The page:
Tough rebuilding process continues for Rugby Canada in seven


The arduous rebuilding process continued for the Langford-based Canadian men’s and women’s rugby sevens teams, who registered a combined 0-5 on opening day Friday at the Dubai Sevens.

The arduous rebuilding process continued for the Langford-based Canadian men’s and women’s rugby sevens teams, who registered a combined 0-5 on opening day Friday at the Dubai Sevens.

Canada lost 52-0 to Australia and 12-10 to Spain on the women’s side with Breanne Nicholas and Olivia De Couvreur scoring the only Canadian tries of the day.

Canada lost 37-14 to the United States, 24-17 to Australia and 26-16 to Kenya on the men’s side as Josiah Morra led the Canadian team with six tries while Cooper Coats collected 33 points.

This follows Canada with a 1-4 record for both men and women at the opening Emirates Sevens of the HSBC World Series last week, also in Dubai. It is obvious that the reconstruction will be long and complex for the Canadian teams. The men are retooling as many of the key players who led Canada to the quarterfinals at the Tokyo Olympics have retired.

The Canadian women’s team is far from its heyday when it reached the Olympic podium with bronze at Rio 2016. The Canadian women, previously regular among the three world firsts with New Zealand and Australia, have just won a ninth disappointing ninth. place showing in the Tokyo Olympics.

“There are always people who expect podiums with national women’s programs,” said interim Canadian head coach Jack Hanratty, in a video interview provided by Rugby Canada ahead of the tournaments in Dubai.

“It was something we were far from this summer [in Tokyo]. There is an air of determination among the players who have been there. The wait is always for more. It might not happen overnight and it will be difficult to get back on this podium. There is an air of determination that this national team will return to the podium in the coming years. “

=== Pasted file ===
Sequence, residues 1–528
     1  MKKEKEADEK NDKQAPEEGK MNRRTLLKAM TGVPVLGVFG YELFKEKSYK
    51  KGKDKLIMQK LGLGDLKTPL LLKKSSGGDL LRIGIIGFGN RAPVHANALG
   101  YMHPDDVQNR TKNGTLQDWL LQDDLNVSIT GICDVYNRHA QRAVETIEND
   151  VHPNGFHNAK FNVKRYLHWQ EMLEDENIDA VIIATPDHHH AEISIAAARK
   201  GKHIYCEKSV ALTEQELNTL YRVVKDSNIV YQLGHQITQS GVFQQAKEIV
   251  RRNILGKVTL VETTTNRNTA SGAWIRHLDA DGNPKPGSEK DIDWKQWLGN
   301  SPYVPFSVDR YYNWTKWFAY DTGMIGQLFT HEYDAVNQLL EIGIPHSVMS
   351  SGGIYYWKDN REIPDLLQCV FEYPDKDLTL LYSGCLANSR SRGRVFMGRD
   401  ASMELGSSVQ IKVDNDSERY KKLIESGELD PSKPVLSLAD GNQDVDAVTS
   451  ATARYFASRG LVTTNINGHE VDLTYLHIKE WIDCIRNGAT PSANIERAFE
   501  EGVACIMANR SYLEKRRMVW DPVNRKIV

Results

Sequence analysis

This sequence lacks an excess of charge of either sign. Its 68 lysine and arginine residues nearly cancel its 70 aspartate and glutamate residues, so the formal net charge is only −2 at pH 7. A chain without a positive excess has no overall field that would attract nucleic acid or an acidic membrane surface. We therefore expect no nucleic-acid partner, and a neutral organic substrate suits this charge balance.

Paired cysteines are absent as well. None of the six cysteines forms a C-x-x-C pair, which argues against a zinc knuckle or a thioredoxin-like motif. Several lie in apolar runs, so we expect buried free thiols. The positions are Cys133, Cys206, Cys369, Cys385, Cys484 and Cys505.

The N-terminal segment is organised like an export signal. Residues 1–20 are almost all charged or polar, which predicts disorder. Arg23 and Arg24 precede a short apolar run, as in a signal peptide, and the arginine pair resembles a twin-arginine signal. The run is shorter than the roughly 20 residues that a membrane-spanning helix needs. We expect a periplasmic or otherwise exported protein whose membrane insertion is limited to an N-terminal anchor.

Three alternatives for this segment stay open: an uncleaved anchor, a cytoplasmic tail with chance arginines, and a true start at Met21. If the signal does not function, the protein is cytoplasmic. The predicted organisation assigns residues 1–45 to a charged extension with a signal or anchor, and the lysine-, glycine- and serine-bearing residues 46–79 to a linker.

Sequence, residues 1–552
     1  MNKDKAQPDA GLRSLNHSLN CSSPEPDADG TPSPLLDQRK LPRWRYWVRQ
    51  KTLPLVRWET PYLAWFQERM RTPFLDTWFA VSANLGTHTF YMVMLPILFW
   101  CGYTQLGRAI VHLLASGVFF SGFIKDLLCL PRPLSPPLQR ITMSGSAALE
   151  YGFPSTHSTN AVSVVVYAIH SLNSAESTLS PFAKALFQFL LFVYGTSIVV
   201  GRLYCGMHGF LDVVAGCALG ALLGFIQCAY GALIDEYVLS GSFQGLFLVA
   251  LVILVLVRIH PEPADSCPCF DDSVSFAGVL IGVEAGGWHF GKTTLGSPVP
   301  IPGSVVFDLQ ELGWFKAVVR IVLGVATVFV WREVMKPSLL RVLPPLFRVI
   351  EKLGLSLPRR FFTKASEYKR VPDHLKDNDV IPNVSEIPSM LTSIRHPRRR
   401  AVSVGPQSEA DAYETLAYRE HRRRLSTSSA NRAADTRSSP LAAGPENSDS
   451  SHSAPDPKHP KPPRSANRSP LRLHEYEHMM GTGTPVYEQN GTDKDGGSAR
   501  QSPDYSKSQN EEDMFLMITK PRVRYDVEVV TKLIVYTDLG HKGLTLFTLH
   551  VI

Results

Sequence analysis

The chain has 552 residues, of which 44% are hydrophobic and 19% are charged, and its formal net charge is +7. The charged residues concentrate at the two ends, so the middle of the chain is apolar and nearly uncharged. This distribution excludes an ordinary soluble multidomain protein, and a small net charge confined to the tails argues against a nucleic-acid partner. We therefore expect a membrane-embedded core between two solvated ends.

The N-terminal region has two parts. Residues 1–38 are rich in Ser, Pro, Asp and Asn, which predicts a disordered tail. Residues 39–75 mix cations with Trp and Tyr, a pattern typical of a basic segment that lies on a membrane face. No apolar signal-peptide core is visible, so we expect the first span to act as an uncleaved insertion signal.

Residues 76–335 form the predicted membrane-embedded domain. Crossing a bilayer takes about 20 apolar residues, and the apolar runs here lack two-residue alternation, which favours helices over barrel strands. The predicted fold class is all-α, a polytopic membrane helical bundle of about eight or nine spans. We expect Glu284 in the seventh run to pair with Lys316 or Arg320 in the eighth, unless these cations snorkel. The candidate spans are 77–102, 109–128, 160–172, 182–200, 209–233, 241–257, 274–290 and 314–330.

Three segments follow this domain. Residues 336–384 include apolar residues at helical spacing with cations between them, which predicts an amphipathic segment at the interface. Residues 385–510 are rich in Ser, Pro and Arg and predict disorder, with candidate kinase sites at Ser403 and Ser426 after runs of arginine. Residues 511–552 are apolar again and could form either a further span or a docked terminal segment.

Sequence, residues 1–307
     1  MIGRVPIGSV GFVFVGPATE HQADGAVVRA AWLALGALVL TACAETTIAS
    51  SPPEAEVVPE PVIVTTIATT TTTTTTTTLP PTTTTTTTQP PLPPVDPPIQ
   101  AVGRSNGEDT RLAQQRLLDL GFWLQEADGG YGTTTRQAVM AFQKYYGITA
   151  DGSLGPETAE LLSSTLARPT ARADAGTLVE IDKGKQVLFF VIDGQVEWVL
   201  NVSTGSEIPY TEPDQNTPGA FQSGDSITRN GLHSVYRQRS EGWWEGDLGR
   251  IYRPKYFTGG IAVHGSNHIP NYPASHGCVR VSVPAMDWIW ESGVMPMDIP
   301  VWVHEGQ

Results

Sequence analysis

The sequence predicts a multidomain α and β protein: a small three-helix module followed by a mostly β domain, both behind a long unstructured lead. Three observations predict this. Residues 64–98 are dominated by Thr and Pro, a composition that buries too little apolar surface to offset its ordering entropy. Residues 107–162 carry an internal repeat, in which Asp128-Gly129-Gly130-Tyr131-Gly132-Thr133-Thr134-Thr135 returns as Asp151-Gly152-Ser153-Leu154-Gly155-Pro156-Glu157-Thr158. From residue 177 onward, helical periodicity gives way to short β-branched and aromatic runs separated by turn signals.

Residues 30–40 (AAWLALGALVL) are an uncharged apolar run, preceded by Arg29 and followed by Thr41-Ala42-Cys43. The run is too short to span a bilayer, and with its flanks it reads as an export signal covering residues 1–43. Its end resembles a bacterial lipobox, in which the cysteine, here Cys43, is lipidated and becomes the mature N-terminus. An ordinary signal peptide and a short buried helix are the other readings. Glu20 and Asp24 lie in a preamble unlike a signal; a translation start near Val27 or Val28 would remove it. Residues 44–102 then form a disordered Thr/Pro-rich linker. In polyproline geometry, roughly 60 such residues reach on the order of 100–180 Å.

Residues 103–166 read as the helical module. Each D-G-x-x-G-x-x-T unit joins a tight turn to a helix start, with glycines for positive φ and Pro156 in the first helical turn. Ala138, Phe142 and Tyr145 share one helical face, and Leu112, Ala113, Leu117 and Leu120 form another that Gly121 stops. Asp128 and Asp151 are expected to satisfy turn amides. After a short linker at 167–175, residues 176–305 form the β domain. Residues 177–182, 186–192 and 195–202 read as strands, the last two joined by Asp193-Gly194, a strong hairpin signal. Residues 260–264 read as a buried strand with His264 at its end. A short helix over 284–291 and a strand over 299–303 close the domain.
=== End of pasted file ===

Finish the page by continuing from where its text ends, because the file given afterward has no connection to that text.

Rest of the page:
Hanratty is optimistic about the reboot.

“There’s a lot of great energy in the squad,” he says.

“We’re relaunching the cycle here and there’s a great level of excitement. We can only learn by doing. This team should be judged on its resilience. When things aren’t going well, they pick themselves up and start over. We might not get there until the first tournament and maybe not until the second tournament, but the energy and commitment of this group is really nice.

With part of the Old Guard having resigned after a chaotic year, which included a players’ revolt at Langford, the mantle has passed to returning veterans Nicholas, former University of Victoria Vikes star Pamphinette Buisa of Victoria and Queen’s University graduate Olivia Apps, Elissa Alarie and Emma Chown. They must mentor the newcomers to the team, including UVic Vikes players Renee Gonzalez and Krissy Scurfield, and De Couvreur, Sabrina Poulin, Nakisa Levale, Asia Hogan Rochester, Fancy Bermudez and Chloe Daniels.

One of the players to be replaced is former captain Ghislaine Landry, one of the all-time world greats, who recently retired.

The new Canadian men’s team in Dubai includes Lachlan Kratz and Brennig Prevost, both of Victoria, with Kratz, Cody Nhanala and Jarvis Dashkewytch making their seven-man debuts for Canada while Nick Allen, Thomas Isherwood and Elias Ergas make their debuts. tours. outside of Canada.

They replace retired post-Olympic veterans Connor Braid of Victoria, UVic Vikes legend Nathan Hirayama, Harry Jones, Justin Douglas and Conor Trainor as places open for the next generation at Langford.

The 2022 Canadian Stages of the HSBC World Series are at BC Place from February 26 to 27 for the men and at Starlight Stadium in Langford for the women from April 30 to May 1.

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